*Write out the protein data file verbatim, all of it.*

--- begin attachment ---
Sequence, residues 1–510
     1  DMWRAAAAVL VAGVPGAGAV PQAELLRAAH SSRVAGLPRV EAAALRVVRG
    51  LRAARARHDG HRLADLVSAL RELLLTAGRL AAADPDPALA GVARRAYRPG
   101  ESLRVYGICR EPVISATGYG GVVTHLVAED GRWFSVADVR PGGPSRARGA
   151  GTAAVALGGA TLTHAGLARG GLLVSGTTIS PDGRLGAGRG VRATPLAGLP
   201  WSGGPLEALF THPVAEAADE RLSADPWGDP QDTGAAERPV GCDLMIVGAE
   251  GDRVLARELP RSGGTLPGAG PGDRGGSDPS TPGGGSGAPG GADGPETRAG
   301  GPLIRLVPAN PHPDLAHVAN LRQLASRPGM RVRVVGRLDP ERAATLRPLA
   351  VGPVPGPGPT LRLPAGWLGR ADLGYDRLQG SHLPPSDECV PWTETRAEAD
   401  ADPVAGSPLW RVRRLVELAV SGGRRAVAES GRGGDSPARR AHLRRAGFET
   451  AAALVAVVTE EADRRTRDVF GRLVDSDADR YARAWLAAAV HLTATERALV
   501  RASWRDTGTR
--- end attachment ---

Sequence, residues 1–510
     1  DMWRAAAAVL VAGVPGAGAV PQAELLRAAH SSRVAGLPRV EAAALRVVRG
    51  LRAARARHDG HRLADLVSAL RELLLTAGRL AAADPDPALA GVARRAYRPG
   101  ESLRVYGICR EPVISATGYG GVVTHLVAED GRWFSVADVR PGGPSRARGA
   151  GTAAVALGGA TLTHAGLARG GLLVSGTTIS PDGRLGAGRG VRATPLAGLP
   201  WSGGPLEALF THPVAEAADE RLSADPWGDP QDTGAAERPV GCDLMIVGAE
   251  GDRVLARELP RSGGTLPGAG PGDRGGSDPS TPGGGSGAPG GADGPETRAG
   301  GPLIRLVPAN PHPDLAHVAN LRQLASRPGM RVRVVGRLDP ERAATLRPLA
   351  VGPVPGPGPT LRLPAGWLGR ADLGYDRLQG SHLPPSDECV PWTETRAEAD
   401  ADPVAGSPLW RVRRLVELAV SGGRRAVAES GRGGDSPARR AHLRRAGFET
   451  AAALVAVVTE EADRRTRDVF GRLVDSDADR YARAWLAAAV HLTATERALV
   501  RASWRDTGTR